Monday, October 20, 2008

Chicago Bean Panorama - Prints Available

Now available, limited edition xerographic prints of this picture

Chicago Bean Panorama

Thanks to this special offer, you too can own a limited edition xerographic print on heavy stock.

This edition is limited to 10,000 prints, each signed by the artist. Overall size is 17 x 11 inches, approxmate image size is 16.7 x 5.8 inches.

Thanks to Hugh at Gaping Void for the idea.

Thursday, October 16, 2008

Old posts - adding value to the archives

I'm wondering what the rest of the world things about old posts... so I came up with this Google query to find out

What I found was a total of 7 hits... which isn't much... so I must have worded it wrong... but the hits I did get seem to indicate that the main reason for leaving them around is to show up more often in search engines... which could very loosely be considered a proxy for value.

I'm interested in makeing this pile of posts into something other than more wasted disk space... that's why I'm adding labels (there's a list at the bottom of this blog) and trying to revisit things and add value.

Archives are important... and need to be nurtured. You don't prune them back, but you can tend them.

Why I blog, and what to do afterwards.

Andrew Sullivan has written a great piece over in the Atlantic about why he blogs. He goes through the history of blogging, and weighs it against other forms of writing. I agree with it in the most part, but I disagree with his characterization of blogging at the start: (italics are mine)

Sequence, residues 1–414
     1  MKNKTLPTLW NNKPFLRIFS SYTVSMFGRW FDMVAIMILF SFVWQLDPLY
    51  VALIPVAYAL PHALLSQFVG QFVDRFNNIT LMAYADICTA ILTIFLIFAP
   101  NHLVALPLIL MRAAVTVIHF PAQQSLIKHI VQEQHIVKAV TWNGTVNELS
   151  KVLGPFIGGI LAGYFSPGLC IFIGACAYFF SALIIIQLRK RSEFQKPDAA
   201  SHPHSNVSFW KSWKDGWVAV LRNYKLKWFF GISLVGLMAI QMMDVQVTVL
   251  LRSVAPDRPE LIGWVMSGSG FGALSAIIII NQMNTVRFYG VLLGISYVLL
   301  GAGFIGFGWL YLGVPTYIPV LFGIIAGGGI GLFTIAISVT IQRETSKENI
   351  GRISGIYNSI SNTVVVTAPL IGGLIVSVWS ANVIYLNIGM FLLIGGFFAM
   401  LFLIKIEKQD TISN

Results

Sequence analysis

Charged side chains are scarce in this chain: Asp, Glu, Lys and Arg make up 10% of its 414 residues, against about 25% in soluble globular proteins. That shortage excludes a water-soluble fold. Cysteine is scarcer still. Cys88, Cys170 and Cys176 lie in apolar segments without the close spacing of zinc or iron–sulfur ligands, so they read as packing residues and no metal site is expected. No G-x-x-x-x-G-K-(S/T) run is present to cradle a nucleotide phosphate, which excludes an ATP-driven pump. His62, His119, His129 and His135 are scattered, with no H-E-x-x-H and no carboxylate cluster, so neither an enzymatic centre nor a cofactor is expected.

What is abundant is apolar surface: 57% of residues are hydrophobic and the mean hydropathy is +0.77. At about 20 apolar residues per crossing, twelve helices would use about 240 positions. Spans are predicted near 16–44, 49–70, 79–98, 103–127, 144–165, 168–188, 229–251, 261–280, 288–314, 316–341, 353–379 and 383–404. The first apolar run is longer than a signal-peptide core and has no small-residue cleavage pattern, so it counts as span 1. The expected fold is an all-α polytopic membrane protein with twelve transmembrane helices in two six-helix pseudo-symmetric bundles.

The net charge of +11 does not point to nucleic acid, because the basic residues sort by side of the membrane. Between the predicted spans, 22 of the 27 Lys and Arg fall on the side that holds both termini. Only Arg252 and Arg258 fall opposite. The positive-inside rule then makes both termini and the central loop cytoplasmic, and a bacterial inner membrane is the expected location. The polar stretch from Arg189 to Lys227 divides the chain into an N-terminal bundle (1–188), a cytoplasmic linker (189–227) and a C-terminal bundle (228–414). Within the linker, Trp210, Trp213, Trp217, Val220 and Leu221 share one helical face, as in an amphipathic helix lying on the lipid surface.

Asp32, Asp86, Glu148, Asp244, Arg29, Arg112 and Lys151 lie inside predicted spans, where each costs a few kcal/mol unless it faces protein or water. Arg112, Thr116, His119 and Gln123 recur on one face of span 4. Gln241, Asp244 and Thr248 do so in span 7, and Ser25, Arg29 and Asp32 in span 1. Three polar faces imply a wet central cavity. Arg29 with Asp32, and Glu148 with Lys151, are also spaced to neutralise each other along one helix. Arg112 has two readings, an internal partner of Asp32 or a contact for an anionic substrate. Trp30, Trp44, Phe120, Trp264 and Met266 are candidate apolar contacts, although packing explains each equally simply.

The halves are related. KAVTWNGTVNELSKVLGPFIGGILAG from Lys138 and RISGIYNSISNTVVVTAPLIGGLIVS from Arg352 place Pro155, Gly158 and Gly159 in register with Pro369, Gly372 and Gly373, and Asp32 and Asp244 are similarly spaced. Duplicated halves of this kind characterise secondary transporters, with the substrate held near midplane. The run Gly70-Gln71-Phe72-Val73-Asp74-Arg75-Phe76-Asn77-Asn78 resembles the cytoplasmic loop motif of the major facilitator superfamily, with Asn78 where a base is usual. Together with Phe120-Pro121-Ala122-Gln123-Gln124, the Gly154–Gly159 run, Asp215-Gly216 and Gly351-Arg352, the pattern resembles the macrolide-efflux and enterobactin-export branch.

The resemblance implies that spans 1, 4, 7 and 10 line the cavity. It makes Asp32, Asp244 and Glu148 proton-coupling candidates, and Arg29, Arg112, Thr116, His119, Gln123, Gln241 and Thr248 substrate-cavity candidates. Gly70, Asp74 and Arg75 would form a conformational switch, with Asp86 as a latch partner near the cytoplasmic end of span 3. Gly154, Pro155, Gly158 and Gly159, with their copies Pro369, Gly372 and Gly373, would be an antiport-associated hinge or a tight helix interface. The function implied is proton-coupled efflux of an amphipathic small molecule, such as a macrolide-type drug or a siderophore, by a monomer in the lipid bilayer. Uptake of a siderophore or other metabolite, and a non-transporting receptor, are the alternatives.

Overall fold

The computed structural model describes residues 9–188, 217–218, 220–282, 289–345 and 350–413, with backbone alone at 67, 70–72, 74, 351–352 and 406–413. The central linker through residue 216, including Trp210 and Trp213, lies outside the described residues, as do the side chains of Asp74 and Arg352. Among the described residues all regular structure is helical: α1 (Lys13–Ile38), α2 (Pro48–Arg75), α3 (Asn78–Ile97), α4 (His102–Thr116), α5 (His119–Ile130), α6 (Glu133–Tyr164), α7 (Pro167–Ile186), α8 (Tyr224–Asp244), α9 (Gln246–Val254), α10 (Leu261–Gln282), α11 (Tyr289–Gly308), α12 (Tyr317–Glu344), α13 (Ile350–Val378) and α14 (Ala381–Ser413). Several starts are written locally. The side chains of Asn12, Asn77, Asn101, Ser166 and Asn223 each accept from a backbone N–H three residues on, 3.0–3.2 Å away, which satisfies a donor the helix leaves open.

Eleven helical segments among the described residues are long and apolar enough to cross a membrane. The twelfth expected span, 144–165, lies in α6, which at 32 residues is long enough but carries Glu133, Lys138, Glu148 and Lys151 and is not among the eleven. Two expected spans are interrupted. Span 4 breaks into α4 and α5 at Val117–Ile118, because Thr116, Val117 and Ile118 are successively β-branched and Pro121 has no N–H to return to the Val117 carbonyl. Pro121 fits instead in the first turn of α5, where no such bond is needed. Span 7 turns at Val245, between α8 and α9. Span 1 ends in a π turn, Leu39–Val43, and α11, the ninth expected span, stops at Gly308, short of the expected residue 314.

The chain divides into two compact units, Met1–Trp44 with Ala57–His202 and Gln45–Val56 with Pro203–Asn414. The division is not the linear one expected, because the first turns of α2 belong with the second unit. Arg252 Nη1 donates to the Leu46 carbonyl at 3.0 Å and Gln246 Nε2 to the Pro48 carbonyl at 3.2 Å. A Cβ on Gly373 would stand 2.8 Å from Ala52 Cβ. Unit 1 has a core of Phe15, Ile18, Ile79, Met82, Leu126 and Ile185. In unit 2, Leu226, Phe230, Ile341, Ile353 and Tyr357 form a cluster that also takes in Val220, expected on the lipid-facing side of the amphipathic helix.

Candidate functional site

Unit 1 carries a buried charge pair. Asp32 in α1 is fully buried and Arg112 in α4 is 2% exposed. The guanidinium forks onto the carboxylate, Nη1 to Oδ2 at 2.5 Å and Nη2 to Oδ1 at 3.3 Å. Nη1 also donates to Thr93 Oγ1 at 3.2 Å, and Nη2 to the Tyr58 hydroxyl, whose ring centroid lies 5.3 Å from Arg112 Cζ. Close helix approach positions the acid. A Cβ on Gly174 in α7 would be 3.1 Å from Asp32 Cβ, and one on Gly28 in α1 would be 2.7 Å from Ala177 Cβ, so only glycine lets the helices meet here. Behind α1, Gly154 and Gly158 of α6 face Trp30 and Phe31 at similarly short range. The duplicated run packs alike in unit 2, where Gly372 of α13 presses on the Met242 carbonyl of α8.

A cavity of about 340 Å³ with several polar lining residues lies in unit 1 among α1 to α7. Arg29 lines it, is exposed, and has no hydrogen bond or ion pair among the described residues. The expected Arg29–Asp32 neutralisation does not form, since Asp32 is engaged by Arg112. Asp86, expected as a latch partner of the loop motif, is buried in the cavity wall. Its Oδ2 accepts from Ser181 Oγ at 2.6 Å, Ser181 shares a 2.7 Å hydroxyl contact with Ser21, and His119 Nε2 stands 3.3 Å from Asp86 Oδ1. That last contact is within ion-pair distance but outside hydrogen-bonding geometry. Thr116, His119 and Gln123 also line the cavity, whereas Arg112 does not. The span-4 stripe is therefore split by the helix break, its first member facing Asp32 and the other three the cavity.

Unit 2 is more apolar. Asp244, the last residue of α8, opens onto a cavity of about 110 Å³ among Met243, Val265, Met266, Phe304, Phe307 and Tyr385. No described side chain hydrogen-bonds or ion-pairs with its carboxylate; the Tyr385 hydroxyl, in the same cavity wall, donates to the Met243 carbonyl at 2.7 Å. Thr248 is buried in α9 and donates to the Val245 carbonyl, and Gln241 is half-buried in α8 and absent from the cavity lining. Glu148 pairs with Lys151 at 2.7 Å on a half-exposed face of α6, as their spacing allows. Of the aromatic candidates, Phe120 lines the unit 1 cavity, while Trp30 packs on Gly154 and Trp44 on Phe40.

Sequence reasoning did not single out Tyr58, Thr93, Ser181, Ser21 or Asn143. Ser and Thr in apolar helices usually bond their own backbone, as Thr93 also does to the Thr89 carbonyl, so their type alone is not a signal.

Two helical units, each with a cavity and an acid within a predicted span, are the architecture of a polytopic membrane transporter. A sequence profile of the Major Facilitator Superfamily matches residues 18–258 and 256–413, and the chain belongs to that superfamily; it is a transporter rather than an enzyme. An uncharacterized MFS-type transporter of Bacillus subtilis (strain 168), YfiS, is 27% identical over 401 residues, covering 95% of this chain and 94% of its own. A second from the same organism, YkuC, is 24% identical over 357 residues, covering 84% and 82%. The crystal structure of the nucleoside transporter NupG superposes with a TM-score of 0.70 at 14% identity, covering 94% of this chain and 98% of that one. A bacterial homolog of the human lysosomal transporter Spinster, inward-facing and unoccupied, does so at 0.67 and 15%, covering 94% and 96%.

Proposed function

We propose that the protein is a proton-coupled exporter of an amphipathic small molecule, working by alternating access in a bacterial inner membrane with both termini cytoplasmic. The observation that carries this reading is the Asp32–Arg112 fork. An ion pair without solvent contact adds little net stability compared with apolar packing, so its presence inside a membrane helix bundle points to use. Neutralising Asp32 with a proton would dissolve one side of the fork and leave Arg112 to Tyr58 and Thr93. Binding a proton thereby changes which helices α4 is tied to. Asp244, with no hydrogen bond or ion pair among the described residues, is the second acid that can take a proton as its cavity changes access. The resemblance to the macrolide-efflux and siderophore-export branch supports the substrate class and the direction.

This form of instant and global self-publishing, made possible by technology widely available only for the past decade or so, allows for no retroactive editing (apart from fixing minor typos or small glitches) and removes from the act of writing any considered or lengthy review. It is the spontaneous expression of instant thought—impermanent beyond even the ephemera of daily journalism. It is accountable in immediate and unavoidable ways to readers and other bloggers, and linked via hypertext to continuously multiplying references and sources. Unlike any single piece of print journalism, its borders are extremely porous and its truth inherently transitory. The consequences of this for the act of writing are still sinking in.

I agree that social convention around blogging is to not go back and do heavy editing of what you've written in the past. This is a crucial cornerstone on which we build our arguments with each other and ourselves over time. If the past is allowed to be edited, then anything can be forced to be true with sufficient effort. So there is much value in keeping the archives safe.

However, there is also something to be said for adding to the archives, which I don't think is currently done on anywhere near the scale that it could be done. It might be useful for me at some future point to add references that point back to this article, add corrections, etc. I think there is quite a bit of value to be added in this way.

I personally flit around a bit too much for even my own sensibilities... tending towards a tangential life at times, but I do manage to get back to the basics, and get things done sufficiently well to allow society to consider me a valued member. (I hope)

I'll try to go back, see what value I can add, and make this blog a bit less ephemeral, and a bit better value for everyone. There are lots of good and bad arguments that have been made, decisions informed, and lessons learned. It's a shame to lose the value in them because they simply are too hard to find.